The Malik Report
by George Malik on 02/23/12 at 04:27 AM ET
Updated with a superb article about Bertuzzi by the Bob Wojnowski at 3:10 AM: The Detroit Free Press’s Helene St. James was on the story first and now she’s confirming it: the Detroit Red Wings have chosen to re-sign Todd Bertuzzi to a 2-year contract extension (Capgeek.com doesn’t have the details yet, but I’m sure their Bertuzzi page will have the breakdown soon):
Bertuzzi has made himself at home in the metro area since re-joining the Wings in the summer of 2009, and he will continue to do so for another two years. As the Free Press was the first to report Wednesday, Bertuzzi and the Wings have agreed to a two-year extension worth around $2.25 million a season.
“It was easy to do,” Bertuzzi said. “I love being here, I love being part of the Wings. I’m really excited about our team this year. I feel we’re very focused, especially on playing defense. We lacked that last year, and in training camp, everybody pretty much decided to up the ante.”
Bertuzzi, 37, has 12 goals and 29 points in 54 games. He helped turn around the underperforming first line when he was put with Pavel Datsyuk and Johan Franzen in mid-November. But Bertuzzi always has had offensive skills, never more so on display than when he starred for the Canucks a decade ago. What’s remarkable now is how he’s developed his defensive game since joining the Wings.
“You know it’s funny, but back then, I was in a totally different role,” Bertuzzi said. “And to tell you the truth, I really enjoy playing this way. You try to prove yourself each and every time so they trust you when it matters.”
The deal made sense to the Wings because they got a big man—6-feet-3, 200-plus pounds—with great hands at a reasonable price. General manager Ken Holland is a big believer in the importance of veterans, often pointing out that when things get tough, “they get it done on will.”
Bertuzzi has become so popular in Detroit that the first 7,500 fans through the doors of Joe Louis Arena tonight will get a Bertuzzi bobblehead, as he was one of three Wings picked by fans last summer to be portrayed in polyresin. His flesh-and-blood miniatures—son, Tag, 11, and daughter, Jaden, 12—are enrolled in local hockey programs, contributing to Bertuzzi’s comfort in closing out his career in Detroit.
“They love it here, love playing here, just like me,” Bertuzzi said. “All I really want to do is win a Cup and have something that a lot of the other guys in the room already have.”
Update: I’m in the middle of writing my overnight report/game set-up, but this needs to go here and not in there. We did more than a little chatting about Bertuzzi’s undeniable tie to one Steve Moore via the Vancouver Province’s Tony Gallagher discussing the legal stuff that’s still in progress—to the tune of “secret agreements” and legal wrangling by Canada’s most powerful attorney in a civil suit that Bertuzzi literally cannot speak about for fear of further damaging whatever quarter-to-third of his income he will end up giving (and rightly sore) to Mr. Moore…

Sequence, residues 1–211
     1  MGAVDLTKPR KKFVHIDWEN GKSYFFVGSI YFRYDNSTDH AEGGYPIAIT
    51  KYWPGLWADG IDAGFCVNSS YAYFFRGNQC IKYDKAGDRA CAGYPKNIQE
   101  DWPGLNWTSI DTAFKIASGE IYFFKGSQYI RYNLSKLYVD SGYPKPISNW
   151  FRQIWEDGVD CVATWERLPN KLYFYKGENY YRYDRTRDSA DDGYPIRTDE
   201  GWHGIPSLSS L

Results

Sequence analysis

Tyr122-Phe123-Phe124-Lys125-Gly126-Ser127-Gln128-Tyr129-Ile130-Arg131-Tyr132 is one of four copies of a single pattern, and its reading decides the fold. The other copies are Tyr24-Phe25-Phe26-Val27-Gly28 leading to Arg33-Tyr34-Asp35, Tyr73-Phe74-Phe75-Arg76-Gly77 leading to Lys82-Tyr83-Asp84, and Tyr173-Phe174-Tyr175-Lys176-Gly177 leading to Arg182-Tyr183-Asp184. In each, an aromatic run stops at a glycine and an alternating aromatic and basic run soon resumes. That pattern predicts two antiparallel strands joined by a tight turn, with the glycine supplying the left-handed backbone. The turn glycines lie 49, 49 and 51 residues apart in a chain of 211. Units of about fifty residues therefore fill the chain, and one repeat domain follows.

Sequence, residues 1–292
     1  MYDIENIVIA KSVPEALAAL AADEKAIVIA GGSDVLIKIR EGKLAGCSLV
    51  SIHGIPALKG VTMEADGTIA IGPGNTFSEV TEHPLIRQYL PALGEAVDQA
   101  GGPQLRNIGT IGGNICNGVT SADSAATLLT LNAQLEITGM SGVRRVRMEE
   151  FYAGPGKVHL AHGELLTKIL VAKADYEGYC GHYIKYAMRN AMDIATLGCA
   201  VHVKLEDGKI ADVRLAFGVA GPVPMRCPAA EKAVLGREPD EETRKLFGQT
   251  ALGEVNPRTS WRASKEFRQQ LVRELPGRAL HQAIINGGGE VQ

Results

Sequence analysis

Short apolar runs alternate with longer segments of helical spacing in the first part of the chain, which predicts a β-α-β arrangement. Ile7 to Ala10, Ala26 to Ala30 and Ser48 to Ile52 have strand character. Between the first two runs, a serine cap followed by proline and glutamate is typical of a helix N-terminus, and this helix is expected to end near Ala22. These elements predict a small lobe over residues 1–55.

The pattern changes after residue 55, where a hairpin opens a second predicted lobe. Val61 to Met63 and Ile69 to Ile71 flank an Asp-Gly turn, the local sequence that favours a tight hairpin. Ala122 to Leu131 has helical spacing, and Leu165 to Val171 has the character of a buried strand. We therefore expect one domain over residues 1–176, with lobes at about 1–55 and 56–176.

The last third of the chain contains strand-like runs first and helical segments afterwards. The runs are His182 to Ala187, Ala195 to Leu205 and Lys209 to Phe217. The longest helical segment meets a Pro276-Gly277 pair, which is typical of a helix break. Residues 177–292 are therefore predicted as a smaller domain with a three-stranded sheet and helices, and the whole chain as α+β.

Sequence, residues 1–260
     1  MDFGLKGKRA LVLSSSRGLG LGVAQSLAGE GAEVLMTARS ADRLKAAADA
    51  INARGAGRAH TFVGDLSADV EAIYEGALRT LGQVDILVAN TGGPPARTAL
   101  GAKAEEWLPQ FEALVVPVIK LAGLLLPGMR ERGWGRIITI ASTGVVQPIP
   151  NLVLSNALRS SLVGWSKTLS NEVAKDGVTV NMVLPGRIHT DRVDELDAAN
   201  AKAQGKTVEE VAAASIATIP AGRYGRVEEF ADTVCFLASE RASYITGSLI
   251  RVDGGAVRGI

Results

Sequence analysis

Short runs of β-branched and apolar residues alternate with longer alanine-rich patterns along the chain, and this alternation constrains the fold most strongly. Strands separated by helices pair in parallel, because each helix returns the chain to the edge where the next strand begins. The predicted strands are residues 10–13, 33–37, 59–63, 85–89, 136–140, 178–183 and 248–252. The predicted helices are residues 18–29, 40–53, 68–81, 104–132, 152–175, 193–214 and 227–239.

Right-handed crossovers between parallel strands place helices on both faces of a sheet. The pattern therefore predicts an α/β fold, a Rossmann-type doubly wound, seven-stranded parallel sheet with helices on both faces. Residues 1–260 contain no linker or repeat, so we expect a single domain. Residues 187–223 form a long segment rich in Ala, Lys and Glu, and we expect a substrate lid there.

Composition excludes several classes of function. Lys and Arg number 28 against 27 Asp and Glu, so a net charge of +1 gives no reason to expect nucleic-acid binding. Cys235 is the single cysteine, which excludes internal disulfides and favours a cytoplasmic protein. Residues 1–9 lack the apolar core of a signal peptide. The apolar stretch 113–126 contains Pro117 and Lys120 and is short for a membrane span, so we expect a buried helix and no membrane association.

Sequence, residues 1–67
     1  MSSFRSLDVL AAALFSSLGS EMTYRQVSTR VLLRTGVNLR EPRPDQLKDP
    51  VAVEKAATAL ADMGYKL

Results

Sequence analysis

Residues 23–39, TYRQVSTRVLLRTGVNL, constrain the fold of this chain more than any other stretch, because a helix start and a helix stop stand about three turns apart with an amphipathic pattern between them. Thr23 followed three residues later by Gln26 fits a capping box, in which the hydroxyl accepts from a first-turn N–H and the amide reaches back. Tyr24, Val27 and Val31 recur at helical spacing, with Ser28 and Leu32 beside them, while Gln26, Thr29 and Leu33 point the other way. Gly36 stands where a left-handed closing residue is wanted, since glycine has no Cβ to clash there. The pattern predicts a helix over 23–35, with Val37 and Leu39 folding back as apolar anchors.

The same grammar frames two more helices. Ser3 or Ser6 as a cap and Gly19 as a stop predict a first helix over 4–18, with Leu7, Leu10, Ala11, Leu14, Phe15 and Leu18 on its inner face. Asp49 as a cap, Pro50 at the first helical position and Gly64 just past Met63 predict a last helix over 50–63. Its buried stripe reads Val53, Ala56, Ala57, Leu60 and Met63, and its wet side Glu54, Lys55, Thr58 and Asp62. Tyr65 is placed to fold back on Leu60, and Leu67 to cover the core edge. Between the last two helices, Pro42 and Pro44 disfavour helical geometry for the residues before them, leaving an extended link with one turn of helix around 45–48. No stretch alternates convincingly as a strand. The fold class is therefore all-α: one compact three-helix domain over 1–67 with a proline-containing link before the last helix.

But Fox Sports Detroit’s Art Regner duly noted that
both the Red Wings and Bertuzzi feel that their relationship should continue because of Bertuzzi’s on and off-ice maturity into a team leader, mentor for younger players and something of an extremely affordable power forward (see: what Tuomo Ruutu got for similar production because he’s ten years younger):
The Wings added the extra year as a compromise that will keep Bertuzzi, 37, with the Wings through the 2013-14 season.
During the past few weeks, Wings general manager Ken Holland has told reporters that he wanted to keep Bertuzzi. Without a new deal, Bertuzzi could become an unrestricted free agent on July 1.
Bertuzzi joins a long list of veteran players who have revitalized their careers in Detroit. Once a defensive liability, he’s become a responsible two-way player who remains a force down low and a shootout artist.
After a slow start to the season, Bertuzzi has picked up the pace and has 12 goals and 17 assists in 54 games. He’s an impressive plus-21, which at one time during his career would have been unthinkable.
Bertuzzi’s agent also told the Macomb Daily’s Chuck Pleiness that financially and otherwise, Bertuzzi’s indeed much more comfortable with his role than he was in his first go-round in Detroit…
“He’s fit in well there,” Morris said. “He’s changed his game and met those expectations of playing defensive minded. (Detroit) has a strong coaching staff and the real strong locker room. He’s got size and skill,” Morris added. “He’s healthy and doing very well now. And his family enjoys it here.”
Wings General Manager Ken Holland said earlier this month that the team wanted to re-sign Bertuzzi.
“He’s in great shape and playing with a lot of confidence,” Holland said. “And that line as got great chemistry.”
The Wings first got Bertuzzi prior to the trade deadline in 2007. After that season, he signed a two-year deal with Anaheim before returning back to Detroit after that contract ran out.
“One (reason he left) was the length of contract and money Detroit was offering,” Morris said. “He decided to pursue free agency. He had a couple of teams looking at him and one of them was Anaheim. He really liked it here,” Morris added. “He had a few teams interested in him after (two seasons in Anaheim) but he wanted to come back to Detroit.”
The Wings could have used Bertuzzi for the two years that he spent in Anaheim and Calgary, but given that Bertuzzi’s 2-year, $8 million deal with the Ducks played out in abbreviatd manners as Bertuzzi had to have surgeries for knee and groin issues stemming from his underlying back issues, he needed to learn how to get in shape and, to some extent, realize how well he had it being asked to simply play…Well, a simple game in Detroit.